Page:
Emma Howard Boyd, Chair of the Environment, speaking at an International Women’s Day event organised by the COP26 presidency, in partnership with Chatham House
Coronavirus – and its many lockdowns – has led to women around the world doing more domestic chores and family care; employment and education opportunities for women are being lost.
Similarly, the impacts of climate change – such as floods, heatwaves or wildfires – disproportionately hit women’s livelihoods.
But, as Dr Tamsin Edwards, a climate scientist at King’s College London and co-presenter of the BBC’s 39 ways to save the planet, has said:
The story to tell here is not just the suffering of women. We have an unprecedented chance to design a better future. We know that policies that reduce climate change or its impacts can reduce gender inequality, and vice versa, as long as they are truly designed in consultation with women.
In over 25 years working in financial services in the UK, I’ve seen individuals and business respond to changes in society at different speeds.
Gender diversity leads to better outcomes.
For instance, oil companies with higher female representation at board level are more likely to have set decarbonisation strategies.
This doesn’t mean having more women leads to lower emissions, but it does point to a positive correlation between gender diversity and improving climate governance.
Over a decade ago I helped set up the 30% Club and its investor group to increase the number of women in the boardroom.
While we celebrate success in this, with a dramatic jump in the UK in the last five years, women’s progress to top executive roles is still fragile and slow.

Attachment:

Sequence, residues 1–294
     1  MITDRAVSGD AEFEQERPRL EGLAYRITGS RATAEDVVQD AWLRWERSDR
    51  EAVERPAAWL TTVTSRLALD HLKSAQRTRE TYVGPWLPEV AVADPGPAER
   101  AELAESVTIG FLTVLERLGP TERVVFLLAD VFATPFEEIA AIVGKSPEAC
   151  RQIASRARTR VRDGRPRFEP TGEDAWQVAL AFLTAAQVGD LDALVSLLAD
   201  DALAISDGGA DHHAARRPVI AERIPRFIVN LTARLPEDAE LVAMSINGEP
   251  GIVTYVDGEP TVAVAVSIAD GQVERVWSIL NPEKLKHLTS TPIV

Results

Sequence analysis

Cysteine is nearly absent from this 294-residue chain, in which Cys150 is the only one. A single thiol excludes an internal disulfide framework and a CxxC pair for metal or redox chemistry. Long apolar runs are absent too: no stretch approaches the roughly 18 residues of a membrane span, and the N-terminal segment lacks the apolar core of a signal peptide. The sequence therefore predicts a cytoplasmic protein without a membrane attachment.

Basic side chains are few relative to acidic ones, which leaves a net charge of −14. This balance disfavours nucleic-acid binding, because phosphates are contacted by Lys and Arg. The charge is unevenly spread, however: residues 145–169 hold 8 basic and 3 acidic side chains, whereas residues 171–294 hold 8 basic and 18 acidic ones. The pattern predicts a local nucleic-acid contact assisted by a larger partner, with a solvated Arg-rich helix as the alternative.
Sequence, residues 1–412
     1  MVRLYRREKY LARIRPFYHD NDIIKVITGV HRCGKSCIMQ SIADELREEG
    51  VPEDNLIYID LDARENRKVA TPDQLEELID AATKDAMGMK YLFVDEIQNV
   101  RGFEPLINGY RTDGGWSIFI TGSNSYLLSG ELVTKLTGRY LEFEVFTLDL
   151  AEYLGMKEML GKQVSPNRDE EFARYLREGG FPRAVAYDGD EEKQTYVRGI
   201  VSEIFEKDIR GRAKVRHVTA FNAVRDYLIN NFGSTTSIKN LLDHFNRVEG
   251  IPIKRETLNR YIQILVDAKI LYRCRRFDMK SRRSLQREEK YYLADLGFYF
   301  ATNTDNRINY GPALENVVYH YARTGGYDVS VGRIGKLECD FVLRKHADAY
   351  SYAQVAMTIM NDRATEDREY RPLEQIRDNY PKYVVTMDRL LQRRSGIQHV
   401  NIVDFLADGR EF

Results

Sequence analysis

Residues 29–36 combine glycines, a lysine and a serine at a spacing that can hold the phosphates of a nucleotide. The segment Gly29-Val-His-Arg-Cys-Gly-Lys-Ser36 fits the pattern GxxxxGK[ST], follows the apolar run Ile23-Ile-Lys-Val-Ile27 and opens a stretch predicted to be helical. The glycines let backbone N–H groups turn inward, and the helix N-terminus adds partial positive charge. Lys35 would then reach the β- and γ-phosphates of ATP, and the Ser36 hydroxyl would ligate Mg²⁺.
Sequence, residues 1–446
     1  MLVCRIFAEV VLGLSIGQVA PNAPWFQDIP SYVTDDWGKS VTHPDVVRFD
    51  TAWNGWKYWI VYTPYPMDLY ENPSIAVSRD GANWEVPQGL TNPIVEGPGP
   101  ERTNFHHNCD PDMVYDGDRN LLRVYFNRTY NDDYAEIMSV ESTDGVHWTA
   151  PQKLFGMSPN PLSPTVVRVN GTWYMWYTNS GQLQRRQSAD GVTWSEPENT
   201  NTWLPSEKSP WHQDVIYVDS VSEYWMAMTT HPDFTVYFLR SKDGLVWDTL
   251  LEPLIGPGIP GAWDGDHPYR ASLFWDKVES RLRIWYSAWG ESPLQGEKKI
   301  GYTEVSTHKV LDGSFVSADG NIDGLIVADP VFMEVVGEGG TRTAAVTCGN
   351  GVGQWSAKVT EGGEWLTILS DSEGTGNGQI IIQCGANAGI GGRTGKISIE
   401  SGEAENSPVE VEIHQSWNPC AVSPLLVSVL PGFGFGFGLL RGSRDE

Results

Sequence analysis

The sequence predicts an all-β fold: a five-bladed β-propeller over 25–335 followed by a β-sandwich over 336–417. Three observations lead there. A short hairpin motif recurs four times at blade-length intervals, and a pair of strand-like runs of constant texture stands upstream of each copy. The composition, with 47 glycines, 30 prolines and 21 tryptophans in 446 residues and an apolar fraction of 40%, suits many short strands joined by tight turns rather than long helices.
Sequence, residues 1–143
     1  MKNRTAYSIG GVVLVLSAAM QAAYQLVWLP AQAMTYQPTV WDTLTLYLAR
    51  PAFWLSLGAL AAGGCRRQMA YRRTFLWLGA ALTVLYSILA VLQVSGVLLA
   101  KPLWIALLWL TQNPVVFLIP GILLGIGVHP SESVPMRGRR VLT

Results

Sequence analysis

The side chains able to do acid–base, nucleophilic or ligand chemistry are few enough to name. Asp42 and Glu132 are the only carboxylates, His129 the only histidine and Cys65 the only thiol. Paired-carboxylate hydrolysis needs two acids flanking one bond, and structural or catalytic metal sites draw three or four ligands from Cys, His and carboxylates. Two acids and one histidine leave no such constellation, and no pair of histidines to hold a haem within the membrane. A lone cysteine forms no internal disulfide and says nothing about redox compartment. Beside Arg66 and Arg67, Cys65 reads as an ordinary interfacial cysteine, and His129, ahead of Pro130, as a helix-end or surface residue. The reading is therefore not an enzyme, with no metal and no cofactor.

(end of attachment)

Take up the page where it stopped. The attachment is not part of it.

Melinda Gates and David Malpass recently wrote:
When the 2008 recession hit, few asked how stimulus measures would affect women compared with men. That approach won’t work for the COVID-19 crisis. As leaders face the enormous challenge of rebuilding post-pandemic economies, women must be at the centre of their strategies.
At the Environment Agency I am keen that we walk the walk ourselves.
Through our flood work and regulation we help make the country more resilient to climate shocks.
In January, I was in Greater Manchester as part of the response to Storm Christoph where our defences stopped tens of thousands of people from being flooded out of their homes.
Ten of our fifteen area directors across the country are women and so are two of our five executive directors. They lead this response on the ground.
Our Board has five men and seven women.
Among other things, we review our pay gap for disability, race, religion and belief, sexual orientation (protected characteristics) as well as gender.
I’m not pretending we’ve got diversity sorted, we’re a long way from it, but more inclusive decision making that is representative of communities we work in, leads to better outcomes for the environment and communities.
People with relevant experiences need to be included in decision-making, this makes for better policy.
So we must amplify the voices of women who work on the climate change and nature recovery agendas, not just on International Women’s Day but every day.
WaterAid, a charity many colleagues at the Environment Agency support, say access to water, sanitation and hygiene is already gendered and being made worse by climate change.
It is women and girls who are most effected by water scarcity as a result of climate change; but it is women and girls who lead on the solutions, and when climate disaster hits it is women that lead the response, so this year, when the UK hosts COP26 in Glasgow and the Convention on Biological Diversity COP15 takes place in Kunming, China, governments should be discussing greater investment in locally led adaptation.
The climate crisis will bring a multitude of overlapping impacts.
Men and women will need to use all of our expertise and strength to be prosperous and resilient.
Female leadership in international, national and local climate policy-making is vital.